Blog Review: Dec. 5

FPGA bug escapes; integrated photonics; AI needs new memories.


Mentor’s Harry Foster digs into verification effectiveness in FPGA projects and what it means that so many non-trivial bugs escape into production.

Cadence’s Paul McLellan checks out an effort to integrate photonics with CMOS and find the tradeoffs in three different approaches, plus the view of photonics as applied to military aircraft.

Synopsys’ Richard Solomon shares some highlights on the journey to PCIe 5.0 and the recent release of the Draft 0.9 specification.

Applied Materials’ Gill Lee argues that the role of memory is set to expand in the AI era and that even with improvements to traditional memories a range of new types and architectures will be needed.

VLSI Research’s Julian West looks at this year’s bumpy ride for critical subsystems, where a booming first half for the industry led to a sharp decline in the second as the market for fab equipment cooled.

ANSYS’ David Geb looks at simplifying thermal simulations by using thermal networks to represent electronic components as 1D models.

A Rambus writer points to the fundamental shortfall that undermines the security of blockchain solutions and the importance of protecting private keys.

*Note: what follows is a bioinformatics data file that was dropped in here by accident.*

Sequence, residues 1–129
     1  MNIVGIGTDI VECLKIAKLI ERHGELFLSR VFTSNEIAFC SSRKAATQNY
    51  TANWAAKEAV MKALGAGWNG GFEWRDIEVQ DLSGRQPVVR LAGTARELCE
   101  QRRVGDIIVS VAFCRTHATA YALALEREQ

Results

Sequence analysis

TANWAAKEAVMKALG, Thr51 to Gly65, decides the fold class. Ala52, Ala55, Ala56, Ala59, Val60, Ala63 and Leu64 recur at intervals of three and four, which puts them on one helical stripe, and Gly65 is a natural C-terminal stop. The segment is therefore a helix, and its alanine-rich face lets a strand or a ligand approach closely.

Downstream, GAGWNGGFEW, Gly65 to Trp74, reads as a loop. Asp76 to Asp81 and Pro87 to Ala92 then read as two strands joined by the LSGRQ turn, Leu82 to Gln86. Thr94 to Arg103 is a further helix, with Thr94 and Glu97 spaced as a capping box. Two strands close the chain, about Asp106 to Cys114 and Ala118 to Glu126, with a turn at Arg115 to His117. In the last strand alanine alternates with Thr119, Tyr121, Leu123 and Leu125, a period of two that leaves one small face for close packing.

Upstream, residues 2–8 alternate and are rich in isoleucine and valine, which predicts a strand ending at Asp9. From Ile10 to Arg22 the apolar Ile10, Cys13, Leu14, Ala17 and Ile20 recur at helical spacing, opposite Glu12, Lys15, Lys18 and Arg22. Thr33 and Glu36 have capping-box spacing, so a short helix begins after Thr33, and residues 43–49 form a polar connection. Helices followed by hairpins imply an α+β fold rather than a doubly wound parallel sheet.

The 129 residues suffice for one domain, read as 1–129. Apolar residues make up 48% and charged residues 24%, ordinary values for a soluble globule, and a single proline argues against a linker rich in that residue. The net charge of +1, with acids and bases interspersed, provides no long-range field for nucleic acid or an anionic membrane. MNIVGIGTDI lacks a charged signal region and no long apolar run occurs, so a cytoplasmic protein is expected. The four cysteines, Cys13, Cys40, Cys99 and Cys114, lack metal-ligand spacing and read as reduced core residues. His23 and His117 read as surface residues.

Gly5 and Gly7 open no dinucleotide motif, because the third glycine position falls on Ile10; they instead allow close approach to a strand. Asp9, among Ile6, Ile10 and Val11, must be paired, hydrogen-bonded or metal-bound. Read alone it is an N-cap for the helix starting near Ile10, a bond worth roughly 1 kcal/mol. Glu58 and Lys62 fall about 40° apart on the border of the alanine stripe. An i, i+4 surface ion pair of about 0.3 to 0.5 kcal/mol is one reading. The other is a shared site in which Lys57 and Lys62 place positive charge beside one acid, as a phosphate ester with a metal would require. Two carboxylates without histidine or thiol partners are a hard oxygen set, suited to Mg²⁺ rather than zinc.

Arm’s Ronan Synnott provides a tutorial on how to get started with Arm Development Studio and migrate Keil MDK and DS-5 projects to the new platform.

Nvidia’s Bob Sherbin checks out a startup that uses deep learning, signal processing, and customizable speech recognition technologies to provide a synthesized voice for those with speech impairments.

Intel’s Faith McCreary considers some of the pain points in IIoT and the transformation to Industry 4.0 plus five strategies for making it easier.

And don’t miss the blogs featured in last week’s System-Level Design newsletter:

Editor In Chief Ed Sperling contends that the rate of innovation is causing upheaval across the chip industry.

Technology Editor Brian Bailey explores the sometimes wacky patent world.

OneSpin’s Raik Brinkmann observes that programmable SoCs are shaping up to be an important part of the chip landscape, but they face verification challenges.

Cadence’s Frank Schirrmeister looks at virtual platforms in the automotive design process, from OEMs to EDA.

Synopsys’ Manoz Palaparthi explains why cloud computing is becoming necessary in complex designs.

eSilicon’s Mike Gianfagna finds that high-performance computing is no longer limited to the ultra-high end of the market.

Mentor’s Satishkumar Balasubramanian argues that outdated methodologies hamper mixed-signal design success.

Semico Research’s Joanne Itow considers the difference a trade war can make.

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